After the ride, I was hungry and looking for something different. Decided it was time to give Phở a try. Used the phone and Google Maps to find a local Phở joint and told them I was a total phở noob. They suggested the "starter phở", which included eye of round, flank and chicken (I think), but thankfully left out the fatty brisket, tendons and tripe. Downed about half of the as-big-as-my-head sized bowl before I noticed the bottle of hot sauce (rooster sauce?) on the table. After sampling trace amounts and deciding it was OK, I added a significant number of dashes to my soup which took it from "Eh, it's pretty tasty" to "Holy crap, this is good!!". This might be my new favorite post-winter-ride meal. The rooster sauce gives you the sweats in places you never even imagined you had sweat glands.

"Good lord...are my fingernails sweating?!".

Wednesday, December 03, 2008


A couple of Sundays back, I had the opportunity to explore some new trails. My oldest kid had an all-day lacrosse clinic at the College of William and Mary in Williamsburg, VA. I took the opportunity to scope out some local trails.

After dropping the kid off at W&M, I had a few hours to myself. Area trail reviews tended to favor the Marl Ravine Trail at York River State Park, so that's where I headed. After finding the park and asking a local rider where the trailhead was, I suited up in cool weather gear, mounted the (still-fixed) Monkey and pedaled off into the unknown.

The trail was fast, fun and a hell of a workout (particularly for my non-ridin'-ass). The terrain was what you would expect if Fountainhead and Rosaryville got together, got bizzy and made a baby trail. Flowy, but not as flowy as R'ville. Lotsa quick up and down hills, but not as grueling as F'head. Total distance is anywhere from 6 to 7 to 9 to 14 miles, depending on who you believe. The trailhead says 5.8, I think, but the paper map available at the park entrance seems to say 9.1. I've ridden my local ~7 mile loop fixed a few times, and the Marl Ravine *definitely* felt longer. Probably didn't help that there was a ~1.5 mile ride from parking lot to trailhead. I definitely felt that at the end of the loop. I also took the opportunity mid-ride to take a break in the woods and just soak up the total silence. A rare item you don't find at many local trail systems.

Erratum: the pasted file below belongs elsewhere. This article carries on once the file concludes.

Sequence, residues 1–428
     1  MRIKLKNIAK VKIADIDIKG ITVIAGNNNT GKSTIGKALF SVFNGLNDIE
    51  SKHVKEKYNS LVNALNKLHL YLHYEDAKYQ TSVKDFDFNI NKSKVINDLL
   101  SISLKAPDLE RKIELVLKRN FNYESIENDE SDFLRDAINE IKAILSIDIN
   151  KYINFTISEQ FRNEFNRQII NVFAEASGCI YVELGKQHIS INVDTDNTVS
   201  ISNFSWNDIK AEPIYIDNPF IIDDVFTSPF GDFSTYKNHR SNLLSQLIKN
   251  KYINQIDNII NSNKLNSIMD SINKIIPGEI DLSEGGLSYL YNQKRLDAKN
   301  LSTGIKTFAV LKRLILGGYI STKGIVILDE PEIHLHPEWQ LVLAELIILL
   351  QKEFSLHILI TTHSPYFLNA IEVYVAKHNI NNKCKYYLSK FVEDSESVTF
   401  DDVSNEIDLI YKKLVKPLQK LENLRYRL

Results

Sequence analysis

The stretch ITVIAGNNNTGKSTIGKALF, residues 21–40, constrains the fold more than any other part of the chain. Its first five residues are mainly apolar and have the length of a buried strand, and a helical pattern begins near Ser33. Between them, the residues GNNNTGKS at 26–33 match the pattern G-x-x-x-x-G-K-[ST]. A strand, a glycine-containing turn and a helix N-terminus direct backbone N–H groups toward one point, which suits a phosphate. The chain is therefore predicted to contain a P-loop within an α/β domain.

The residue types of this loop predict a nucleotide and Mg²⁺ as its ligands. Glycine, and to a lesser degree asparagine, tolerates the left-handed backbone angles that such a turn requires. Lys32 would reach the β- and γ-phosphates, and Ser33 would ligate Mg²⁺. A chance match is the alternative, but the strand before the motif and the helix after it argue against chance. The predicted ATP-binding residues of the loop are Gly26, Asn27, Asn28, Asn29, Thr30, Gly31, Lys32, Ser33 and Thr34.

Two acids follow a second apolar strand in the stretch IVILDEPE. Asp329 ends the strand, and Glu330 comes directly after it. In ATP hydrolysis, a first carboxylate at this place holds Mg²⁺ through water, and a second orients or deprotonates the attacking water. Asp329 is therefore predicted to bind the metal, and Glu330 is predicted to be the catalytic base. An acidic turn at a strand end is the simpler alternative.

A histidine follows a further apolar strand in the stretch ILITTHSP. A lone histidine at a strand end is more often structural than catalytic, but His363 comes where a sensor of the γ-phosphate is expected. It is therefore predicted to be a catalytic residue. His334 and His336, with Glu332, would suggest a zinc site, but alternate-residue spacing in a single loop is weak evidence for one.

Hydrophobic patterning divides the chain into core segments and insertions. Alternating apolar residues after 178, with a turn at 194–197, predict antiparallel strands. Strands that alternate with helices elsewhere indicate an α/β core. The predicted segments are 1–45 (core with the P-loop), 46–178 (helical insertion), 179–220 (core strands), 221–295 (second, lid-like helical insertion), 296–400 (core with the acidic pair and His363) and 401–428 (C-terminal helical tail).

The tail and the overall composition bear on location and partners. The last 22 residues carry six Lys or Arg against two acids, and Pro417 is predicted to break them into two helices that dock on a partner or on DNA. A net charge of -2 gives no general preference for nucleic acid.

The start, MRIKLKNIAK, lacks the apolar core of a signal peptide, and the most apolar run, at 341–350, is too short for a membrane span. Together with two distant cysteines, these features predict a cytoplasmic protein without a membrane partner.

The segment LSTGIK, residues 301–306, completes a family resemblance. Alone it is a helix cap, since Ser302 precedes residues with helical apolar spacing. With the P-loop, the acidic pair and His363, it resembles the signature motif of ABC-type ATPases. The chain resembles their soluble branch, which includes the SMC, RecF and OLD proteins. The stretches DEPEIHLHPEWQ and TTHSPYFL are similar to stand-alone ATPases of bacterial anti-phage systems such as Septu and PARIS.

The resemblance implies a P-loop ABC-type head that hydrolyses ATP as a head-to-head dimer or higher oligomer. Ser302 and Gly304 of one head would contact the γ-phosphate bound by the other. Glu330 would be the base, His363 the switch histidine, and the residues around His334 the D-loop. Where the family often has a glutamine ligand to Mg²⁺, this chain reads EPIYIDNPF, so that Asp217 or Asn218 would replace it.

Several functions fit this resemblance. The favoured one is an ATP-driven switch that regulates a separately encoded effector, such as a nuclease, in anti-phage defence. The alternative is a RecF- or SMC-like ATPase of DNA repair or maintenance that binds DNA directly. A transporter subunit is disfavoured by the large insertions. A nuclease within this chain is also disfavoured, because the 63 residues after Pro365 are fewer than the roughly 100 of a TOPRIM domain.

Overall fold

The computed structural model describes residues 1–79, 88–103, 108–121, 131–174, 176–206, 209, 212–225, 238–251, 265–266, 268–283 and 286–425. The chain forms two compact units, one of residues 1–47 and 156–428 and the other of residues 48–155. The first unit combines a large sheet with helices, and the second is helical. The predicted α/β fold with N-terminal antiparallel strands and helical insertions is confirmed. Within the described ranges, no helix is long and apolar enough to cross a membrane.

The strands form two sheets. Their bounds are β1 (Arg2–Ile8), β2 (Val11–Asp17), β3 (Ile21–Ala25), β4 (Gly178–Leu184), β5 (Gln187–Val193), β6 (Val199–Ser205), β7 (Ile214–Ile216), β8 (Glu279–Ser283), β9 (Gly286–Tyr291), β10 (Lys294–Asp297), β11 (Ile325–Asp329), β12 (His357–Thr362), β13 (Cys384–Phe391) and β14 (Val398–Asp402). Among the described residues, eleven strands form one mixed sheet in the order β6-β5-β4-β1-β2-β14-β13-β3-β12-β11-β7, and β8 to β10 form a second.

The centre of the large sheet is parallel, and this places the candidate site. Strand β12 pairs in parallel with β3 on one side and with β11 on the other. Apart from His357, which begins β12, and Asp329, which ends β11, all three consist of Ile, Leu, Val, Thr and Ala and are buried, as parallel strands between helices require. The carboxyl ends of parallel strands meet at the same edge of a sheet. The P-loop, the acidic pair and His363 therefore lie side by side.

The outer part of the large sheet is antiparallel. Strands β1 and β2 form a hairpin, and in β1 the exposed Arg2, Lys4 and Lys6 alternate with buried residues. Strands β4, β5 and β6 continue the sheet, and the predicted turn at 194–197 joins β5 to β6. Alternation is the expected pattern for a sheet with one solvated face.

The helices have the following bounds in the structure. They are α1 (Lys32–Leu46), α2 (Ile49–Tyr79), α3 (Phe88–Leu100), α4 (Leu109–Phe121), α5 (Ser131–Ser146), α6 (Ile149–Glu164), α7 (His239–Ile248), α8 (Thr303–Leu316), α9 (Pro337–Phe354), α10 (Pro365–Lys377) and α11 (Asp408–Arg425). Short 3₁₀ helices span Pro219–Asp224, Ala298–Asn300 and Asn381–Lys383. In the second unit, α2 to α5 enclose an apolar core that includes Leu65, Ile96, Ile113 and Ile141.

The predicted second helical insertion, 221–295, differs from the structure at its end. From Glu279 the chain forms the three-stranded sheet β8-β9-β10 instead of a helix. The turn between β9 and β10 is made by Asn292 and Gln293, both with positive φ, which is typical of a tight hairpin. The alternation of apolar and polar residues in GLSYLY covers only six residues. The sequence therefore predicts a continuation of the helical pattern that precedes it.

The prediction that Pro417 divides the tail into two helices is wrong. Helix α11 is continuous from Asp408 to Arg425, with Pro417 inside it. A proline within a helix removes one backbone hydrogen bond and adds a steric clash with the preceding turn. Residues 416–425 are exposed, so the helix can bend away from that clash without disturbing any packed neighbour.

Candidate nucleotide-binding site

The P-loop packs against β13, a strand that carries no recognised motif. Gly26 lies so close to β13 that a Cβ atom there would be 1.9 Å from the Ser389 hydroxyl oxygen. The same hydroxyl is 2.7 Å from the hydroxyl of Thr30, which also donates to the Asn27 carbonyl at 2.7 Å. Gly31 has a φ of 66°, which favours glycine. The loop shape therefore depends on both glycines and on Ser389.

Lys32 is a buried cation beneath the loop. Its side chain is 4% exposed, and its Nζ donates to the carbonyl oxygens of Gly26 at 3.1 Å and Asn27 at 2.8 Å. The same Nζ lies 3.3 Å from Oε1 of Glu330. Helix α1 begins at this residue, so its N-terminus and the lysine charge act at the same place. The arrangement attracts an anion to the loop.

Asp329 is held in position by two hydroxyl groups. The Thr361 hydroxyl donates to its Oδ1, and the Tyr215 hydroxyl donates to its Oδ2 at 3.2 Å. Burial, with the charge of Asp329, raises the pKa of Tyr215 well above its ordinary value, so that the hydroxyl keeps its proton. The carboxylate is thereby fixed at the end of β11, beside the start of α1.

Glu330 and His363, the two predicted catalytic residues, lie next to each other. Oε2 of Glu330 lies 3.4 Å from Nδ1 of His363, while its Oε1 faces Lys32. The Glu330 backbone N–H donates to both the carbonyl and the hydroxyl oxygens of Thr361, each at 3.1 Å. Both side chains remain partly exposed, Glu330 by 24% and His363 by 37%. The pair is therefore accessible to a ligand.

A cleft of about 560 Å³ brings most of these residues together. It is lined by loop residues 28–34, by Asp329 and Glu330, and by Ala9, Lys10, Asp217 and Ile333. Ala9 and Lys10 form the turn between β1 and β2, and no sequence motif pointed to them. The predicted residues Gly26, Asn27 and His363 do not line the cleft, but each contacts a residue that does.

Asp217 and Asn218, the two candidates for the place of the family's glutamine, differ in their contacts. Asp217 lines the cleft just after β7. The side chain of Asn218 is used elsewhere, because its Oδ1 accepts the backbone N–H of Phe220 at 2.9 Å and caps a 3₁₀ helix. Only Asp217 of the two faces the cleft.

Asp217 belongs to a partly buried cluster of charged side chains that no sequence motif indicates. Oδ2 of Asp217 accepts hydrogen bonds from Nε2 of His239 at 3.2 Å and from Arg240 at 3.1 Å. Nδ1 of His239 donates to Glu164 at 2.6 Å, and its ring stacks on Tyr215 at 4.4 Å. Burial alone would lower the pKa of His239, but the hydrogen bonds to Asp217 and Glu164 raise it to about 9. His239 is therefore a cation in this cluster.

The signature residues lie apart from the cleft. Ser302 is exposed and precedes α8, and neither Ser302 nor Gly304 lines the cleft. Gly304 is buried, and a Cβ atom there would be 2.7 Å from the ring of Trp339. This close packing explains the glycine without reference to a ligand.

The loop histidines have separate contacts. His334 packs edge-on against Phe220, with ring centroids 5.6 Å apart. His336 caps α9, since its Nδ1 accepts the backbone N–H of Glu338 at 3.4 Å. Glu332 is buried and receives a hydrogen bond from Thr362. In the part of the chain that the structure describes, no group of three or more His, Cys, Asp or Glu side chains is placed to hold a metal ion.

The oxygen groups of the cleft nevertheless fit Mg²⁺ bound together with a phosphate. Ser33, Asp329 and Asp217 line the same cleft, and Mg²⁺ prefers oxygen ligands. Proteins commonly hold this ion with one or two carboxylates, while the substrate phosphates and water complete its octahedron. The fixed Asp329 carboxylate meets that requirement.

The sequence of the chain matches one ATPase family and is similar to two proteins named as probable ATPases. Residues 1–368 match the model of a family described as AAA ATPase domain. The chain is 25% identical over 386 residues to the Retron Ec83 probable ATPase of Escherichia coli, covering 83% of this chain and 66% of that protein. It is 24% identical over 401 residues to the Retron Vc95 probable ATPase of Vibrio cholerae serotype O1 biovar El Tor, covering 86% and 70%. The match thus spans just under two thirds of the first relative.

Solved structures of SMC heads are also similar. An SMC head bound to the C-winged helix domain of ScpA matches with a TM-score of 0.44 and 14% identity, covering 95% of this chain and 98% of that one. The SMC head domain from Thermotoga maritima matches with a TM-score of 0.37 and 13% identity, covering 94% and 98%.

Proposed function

I had planned on posting a GPS track of the trail. I meant to pack the GPS in the backpack, but managed to leave it safe and sound in the truck instead. So no waypoints for you.

Props to the Eastern Virginia Mountainbike Association for building and maintaining the trail system there. Apparently, they had been out cutting new trail as recently as the day before my ride. Well done! One request, tho: When you get to the one and only intersection with the vague marking "Raccoon Run --->" and "<--- Bluejay Jump", how about an idea what one is getting one's self into. I was actually looking for the longer route and decided on the "Raccoon Run" option, since it seemed to be more in-line with the trail and flowed more naturally than the other. But I have no idea if that was better/worse/shorter/longer than the other cleverly named path.

The entire endeavor took just about two hours (including gearing up before and gearing back into street-clothes after). Afterward, with time running tight, I tried finding a local pub for a beer and burger, but came up empty. I sadly had to settle for an Appleby's (Applebees? Whatever.) for a mediocre brew and uninteresting burger. Following that, I picked up the kid and took off north-bound on the leisurely three-hour drive traffic.